Half A Million Bees Killed After Hives Torn Apart And Set Alight

Beekeepers "broke down in tears" when they discovered the ashen remains of beekeeping boxes scattered across a yard near Houston, Texas.

Beehives were ripped apart and set alight on Saturday night, with some even thrown into a lake, leaving the local beekeeping community devastated.

The destroyed hives belong to members of the Brazoria County Beekeepers Association, many of whom practise beekeeping as a hobby and have been caring for the insects for years.

"The intention of this yard was to help hobby beekeepers, and also to raise community awareness of beekeeping," the association wrote in a Facebook post.

The destruction has come at the worst possible time, right when the bees were beginning their most active season.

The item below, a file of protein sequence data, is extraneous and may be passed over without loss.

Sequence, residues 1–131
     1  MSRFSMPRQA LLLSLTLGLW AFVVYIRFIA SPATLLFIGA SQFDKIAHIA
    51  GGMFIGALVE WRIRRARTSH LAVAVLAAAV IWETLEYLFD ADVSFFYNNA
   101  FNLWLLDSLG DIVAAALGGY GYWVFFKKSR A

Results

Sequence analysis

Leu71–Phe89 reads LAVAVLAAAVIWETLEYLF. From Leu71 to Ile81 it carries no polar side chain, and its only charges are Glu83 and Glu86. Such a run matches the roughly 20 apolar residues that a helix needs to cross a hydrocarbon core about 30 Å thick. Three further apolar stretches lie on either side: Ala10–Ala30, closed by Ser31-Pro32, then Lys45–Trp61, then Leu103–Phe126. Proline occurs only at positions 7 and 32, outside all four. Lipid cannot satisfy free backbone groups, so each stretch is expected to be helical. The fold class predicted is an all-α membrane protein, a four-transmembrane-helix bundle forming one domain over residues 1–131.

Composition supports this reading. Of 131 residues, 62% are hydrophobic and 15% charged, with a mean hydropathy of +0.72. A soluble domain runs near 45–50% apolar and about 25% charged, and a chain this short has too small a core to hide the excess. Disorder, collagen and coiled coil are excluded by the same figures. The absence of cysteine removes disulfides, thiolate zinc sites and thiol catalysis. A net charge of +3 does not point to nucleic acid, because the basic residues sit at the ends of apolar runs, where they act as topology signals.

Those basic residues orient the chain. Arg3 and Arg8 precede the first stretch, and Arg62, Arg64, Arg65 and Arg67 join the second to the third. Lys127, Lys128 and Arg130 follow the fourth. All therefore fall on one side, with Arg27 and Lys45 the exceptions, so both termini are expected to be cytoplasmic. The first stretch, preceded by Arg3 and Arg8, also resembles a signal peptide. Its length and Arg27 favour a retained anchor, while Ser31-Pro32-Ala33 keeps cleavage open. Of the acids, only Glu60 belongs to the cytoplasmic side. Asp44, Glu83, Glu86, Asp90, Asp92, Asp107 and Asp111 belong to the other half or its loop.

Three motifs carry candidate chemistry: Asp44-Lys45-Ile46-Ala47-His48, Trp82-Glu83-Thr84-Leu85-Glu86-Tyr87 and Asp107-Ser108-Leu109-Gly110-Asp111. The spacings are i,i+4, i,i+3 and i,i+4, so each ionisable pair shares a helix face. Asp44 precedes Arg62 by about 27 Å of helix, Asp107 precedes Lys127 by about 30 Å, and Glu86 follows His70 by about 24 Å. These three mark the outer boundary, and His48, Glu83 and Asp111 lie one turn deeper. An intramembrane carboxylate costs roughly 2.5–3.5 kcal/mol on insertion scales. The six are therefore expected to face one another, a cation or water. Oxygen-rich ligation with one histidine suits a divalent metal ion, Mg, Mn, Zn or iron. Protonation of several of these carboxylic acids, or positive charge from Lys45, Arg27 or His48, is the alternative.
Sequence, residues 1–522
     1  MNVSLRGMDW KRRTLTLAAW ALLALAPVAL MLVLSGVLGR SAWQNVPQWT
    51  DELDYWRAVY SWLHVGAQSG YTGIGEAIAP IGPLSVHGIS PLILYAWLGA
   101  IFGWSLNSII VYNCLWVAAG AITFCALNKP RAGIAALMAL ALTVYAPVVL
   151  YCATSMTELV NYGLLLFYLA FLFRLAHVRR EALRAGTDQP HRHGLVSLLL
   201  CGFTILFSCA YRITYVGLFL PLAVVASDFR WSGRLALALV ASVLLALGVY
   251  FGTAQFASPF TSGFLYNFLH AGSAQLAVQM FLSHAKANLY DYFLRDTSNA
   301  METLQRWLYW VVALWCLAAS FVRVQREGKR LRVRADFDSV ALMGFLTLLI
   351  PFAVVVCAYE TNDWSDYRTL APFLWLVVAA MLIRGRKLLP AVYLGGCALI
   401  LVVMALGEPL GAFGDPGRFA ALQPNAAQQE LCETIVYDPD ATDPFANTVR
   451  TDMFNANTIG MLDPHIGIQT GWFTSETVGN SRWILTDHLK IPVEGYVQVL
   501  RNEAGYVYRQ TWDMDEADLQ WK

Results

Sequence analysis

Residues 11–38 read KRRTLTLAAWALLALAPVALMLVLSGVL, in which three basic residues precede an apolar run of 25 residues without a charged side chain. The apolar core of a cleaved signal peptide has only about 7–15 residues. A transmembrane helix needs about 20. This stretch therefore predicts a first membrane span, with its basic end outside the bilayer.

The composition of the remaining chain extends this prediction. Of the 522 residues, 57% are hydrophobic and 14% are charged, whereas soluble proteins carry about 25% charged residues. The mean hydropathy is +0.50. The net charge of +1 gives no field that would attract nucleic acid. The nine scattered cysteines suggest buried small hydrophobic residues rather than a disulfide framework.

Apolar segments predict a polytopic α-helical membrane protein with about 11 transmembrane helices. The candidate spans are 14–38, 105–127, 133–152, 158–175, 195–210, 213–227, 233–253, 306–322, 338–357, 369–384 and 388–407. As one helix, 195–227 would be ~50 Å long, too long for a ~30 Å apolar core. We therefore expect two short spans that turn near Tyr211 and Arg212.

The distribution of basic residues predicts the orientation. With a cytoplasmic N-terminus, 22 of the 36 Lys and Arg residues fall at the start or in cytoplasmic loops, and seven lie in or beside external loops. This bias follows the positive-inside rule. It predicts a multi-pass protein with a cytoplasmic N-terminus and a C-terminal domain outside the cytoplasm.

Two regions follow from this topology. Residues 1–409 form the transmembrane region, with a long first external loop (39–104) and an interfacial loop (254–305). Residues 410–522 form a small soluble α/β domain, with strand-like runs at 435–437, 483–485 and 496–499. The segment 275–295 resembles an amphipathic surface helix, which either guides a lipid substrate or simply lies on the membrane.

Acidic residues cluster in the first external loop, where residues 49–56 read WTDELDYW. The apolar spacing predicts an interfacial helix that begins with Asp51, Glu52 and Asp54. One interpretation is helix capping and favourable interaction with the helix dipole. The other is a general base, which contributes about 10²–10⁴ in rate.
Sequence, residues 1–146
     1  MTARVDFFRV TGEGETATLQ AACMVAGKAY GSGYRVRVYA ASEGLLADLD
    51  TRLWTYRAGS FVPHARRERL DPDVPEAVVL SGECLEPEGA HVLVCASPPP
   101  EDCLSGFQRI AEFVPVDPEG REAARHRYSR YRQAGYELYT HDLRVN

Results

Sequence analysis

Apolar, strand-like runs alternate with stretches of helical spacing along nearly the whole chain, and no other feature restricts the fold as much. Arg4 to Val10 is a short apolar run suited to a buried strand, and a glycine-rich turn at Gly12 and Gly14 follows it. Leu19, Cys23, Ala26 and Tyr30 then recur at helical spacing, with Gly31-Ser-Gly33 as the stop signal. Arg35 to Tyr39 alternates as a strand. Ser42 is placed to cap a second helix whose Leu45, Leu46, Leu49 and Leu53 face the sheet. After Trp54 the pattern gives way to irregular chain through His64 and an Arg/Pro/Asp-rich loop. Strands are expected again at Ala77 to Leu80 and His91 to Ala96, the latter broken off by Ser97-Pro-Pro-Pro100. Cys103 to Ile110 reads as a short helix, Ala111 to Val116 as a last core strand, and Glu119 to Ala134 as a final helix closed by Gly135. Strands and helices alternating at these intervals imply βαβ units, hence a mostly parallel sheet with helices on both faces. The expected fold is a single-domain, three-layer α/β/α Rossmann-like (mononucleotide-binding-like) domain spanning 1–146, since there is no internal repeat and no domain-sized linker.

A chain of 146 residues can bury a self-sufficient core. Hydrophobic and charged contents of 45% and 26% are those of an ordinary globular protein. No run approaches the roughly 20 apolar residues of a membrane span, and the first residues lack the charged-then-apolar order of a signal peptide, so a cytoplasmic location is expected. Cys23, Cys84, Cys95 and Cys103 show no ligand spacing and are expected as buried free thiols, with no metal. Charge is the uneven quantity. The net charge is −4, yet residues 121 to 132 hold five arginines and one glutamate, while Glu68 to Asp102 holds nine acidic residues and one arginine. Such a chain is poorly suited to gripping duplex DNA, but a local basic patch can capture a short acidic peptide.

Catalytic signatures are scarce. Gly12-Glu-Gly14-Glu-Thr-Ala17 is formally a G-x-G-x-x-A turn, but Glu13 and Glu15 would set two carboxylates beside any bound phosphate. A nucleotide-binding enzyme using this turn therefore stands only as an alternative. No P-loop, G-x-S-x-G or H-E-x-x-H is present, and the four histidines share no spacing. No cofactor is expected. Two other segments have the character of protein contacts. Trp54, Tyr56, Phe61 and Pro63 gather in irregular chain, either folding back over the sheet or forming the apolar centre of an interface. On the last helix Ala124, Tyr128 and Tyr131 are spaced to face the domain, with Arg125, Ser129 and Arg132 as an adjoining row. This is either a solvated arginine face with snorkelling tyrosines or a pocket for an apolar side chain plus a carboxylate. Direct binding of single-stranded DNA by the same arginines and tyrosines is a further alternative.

The good news is the surviving insects are recovering well, the association is praying the queen bees are still in the remaining colonies.

But the bee and honey loss could take more than a year to replace, which could have serious consequences for the local environment.

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"Tomatoes, squash, watermelons... bees pollinate those," Steve Brackmann, who sells beekeeping supplies and queen bees, told CNN. "So if bees don't pollinate those, you get zero vegetables, we would see next to nothing in the vegetable stores."

One member told ABC13 that he lost all of the honey he expected to sell at farmers markets this summer.

IMAGE: Brazoria County Beekeepers Association via Facebook

Police are now on the hunt for the vandal/vandals who fled and remain on the run.

Brazoria County Crime Stoppers is offering a reward of up to US$5,000 for information while the beekeepers association is offering a $1,000 reward as well as asking for donations to help it recover from the losses.

As of Thursday afternoon, the group had raised US$15,000.